Constantine "Kostas" Lyketsos, the Elizabeth Plank Althouse Professor and chair of Psychiatry at Bayview, has won the 2016 Athenian Prize for Outstanding Contributions to Psychiatry and Related Sciences, given by the Hellenic Society for the Advancement of Psychiatry and Related Sciences. The award will be presented at the society's conference in October in Athens.
Leticia "Lettie" Nanda, a nurse practitioner in Psychiatry at Bayview, was presented with the second annual Miller-Coulson Nurse Practitioner/Physician Assistant Clinical Excellence Award by the Coulson Academy of Clinical Excellence.
Rachel Salas, an associate professor in Neurology–Sleep Medicine, has been selected as vice chair of the American Academy of Neurology's Consortium of Neurology Clerkship Directors. After her two-year term, she will be chair for two years. She is the first representative from Johns Hopkins to serve in this role at the national level in neurology.
Lillie Shockney, University Distinguished Service Associate Professor of breast cancer and administrative director of the Johns Hopkins Breast Center, was one of six local women honored with a Women in Business Trailblazers in Healthcare Award from Baltimore's Center Club. Shockney, a two-time breast cancer survivor, has worked tirelessly to improve the care of breast cancer patients around the world.
Kenneth Stoller, an assistant professor and director of the Broadway Center for Addiction, has won the 2016 Nyswander/Dole "Marie" Award given by the American Association for the Treatment of Opioid Dependence. The award is the highest accolade the national organization can bestow on someone in recognition of his or her contributions to the field.
Suzanne Topalian, associate director of the Bloomberg-Kimmel Institute for Cancer Immunotherapy, was honored by the University of Michigan's A. Alfred Taubman Medical Research Institute as one of two recipients of this year's $100,000 Taubman Prize for Excellence in Translational Medical Science. Topalian's groundbreaking work has helped show how the human body's own immune system can fend off cancer.
Elizabeth Wise is the first Psychiatry resident to receive the Frank L. Coulson Jr. Award for Clinical Excellence. It was presented to her at this year's annual Miller Coulson Academy of Clinical Excellence symposium.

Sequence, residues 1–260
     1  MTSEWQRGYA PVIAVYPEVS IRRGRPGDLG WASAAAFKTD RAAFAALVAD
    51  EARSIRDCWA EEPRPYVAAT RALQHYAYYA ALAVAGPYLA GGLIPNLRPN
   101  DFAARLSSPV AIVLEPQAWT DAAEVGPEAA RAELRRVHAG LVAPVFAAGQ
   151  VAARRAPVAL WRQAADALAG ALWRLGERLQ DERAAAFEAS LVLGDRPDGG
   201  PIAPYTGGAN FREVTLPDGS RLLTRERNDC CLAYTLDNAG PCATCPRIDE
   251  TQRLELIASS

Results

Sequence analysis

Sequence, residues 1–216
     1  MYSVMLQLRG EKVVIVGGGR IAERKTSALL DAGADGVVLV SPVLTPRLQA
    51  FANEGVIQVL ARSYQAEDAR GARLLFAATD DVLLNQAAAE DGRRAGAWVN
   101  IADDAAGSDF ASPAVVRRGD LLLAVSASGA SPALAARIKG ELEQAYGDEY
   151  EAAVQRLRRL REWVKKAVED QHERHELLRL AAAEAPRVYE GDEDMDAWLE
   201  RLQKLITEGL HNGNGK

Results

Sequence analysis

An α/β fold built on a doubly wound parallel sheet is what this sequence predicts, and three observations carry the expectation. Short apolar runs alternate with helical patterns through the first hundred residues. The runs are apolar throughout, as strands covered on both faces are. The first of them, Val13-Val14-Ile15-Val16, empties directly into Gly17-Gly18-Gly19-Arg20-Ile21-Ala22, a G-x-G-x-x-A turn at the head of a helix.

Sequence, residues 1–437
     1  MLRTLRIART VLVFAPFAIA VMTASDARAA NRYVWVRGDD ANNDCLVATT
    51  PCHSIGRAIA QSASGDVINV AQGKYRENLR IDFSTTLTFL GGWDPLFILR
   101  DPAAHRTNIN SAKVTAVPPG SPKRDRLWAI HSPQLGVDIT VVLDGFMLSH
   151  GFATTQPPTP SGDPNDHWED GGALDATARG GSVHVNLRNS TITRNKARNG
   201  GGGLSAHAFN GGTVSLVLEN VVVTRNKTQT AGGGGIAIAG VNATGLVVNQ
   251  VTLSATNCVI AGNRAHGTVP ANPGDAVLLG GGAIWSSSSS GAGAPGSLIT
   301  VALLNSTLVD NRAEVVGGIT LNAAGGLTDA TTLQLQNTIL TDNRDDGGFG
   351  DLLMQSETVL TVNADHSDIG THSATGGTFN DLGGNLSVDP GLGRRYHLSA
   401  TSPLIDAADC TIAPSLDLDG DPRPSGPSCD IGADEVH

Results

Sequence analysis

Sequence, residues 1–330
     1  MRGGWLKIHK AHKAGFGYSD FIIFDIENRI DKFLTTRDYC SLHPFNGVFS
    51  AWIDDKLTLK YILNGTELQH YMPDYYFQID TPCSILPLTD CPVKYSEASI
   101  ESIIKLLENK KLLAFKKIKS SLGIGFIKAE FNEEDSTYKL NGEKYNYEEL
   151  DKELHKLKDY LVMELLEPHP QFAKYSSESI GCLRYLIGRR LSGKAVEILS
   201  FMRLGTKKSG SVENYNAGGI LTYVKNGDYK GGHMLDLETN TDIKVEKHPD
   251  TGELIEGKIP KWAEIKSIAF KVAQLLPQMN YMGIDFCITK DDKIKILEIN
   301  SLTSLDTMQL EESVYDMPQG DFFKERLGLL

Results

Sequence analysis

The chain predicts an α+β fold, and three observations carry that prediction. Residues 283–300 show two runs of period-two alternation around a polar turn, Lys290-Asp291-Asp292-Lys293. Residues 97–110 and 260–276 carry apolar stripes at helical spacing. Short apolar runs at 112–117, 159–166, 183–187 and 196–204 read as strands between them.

School of Nursing
Hae-Ra Han and Ibby Tanner, associate professors in the Department of Community-Public Health, each received a Nurse Support Program II Competitive Institutional Grant. Han, in partnership with the Johns Hopkins schools of Medicine and Education and the International Network for Doctoral Education in Nursing, will use the funding to develop, promote, and evaluate a comprehensive teaching and leadership fellows program called Nurse Faculty for the Future. Building on a prior grant, Tanner will use the funding to help further collaborations between education and practice, develop new models that promote patient-centered continuum of care, and increase statewide resources for online interprofessional simulations.
Melissa Kurtz, a doctoral candidate, was a recipient of the Heilbrunn Center's 2016 Nurse Scholar Awards. Her research will explore factors that influence decision making for parents whose infants are in neonatal intensive-care units.
Sheridan Libraries and University Museums
Mark Cyzyk, scholarly communication architect, was reappointed to a two-year term on the editorial board of Information Technology and Libraries, the journal of the Library and Information Technology Association. Cyzyk has served on the board since 2010.
Jen Darragh, Data Services and Sociology librarian, wrote a chapter titled "Restricted Data Access and Libraries" in the recently published volume Databrarianship: The Academic Data Librarian in Theory and in Practice.
Jim Gillispie, head of GIS and Data Services, delivered a paper titled "Maps for a Digital Age" at the Map Librarians 75th Anniversary: Surveying the Past and Charting the Future session, part of the Special Libraries Association Annual Conference in Philadelphia.
Earle Havens, the Nancy H. Hall Curator of Rare Books and Manuscripts, was a visiting associate professor at the University of Warwick's Centre for the Study of the Renaissance in June.
Liz Johns, librarian for education, received the award for Outstanding National Officer Service from Sigma Sigma Sigma sorority for her service as national archivist from 2013 to 2016. Johns received the award, given every three years to select volunteers, at the Women of Character Luncheon during the 44th Tri Sigma National Convention in Schaumburg, Illinois.
Christy Wyskiel, senior adviser to President Ron Daniels for enterprise development and head of Technology Ventures, is among the tech leaders recognized by the Baltimore Business Journal in its inaugural class of Tech 10 honorees. They were honored for their willingness to take risks and their efforts to move Greater Baltimore forward.
The Office of Communications has been honored with five Circle of Excellence awards from the Council for Advancement and Support of Education. CASE gold medals went to JHU.edu in the Institutional Websites category, the video team's piece about spider crickets in the News and Research Videos category, and the video engagement efforts of the media team in the Strategic Communications–Media Relations Programs category. Johns Hopkins Magazine won a silver medal in Periodical Staff Writing and a bronze medal in Feature Writing for its Pluto story, "New Horizon's Moment of Truth."
Posted in University News